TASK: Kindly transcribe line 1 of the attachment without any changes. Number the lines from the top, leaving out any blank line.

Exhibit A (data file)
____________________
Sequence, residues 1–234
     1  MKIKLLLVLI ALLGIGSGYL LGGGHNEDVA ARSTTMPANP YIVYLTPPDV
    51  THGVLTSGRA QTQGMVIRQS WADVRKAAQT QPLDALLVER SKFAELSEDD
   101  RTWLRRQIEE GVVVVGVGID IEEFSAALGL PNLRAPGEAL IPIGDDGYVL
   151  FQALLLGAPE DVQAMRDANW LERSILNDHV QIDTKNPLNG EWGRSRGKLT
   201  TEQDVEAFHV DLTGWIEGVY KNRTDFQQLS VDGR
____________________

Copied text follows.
Sequence, residues 1–234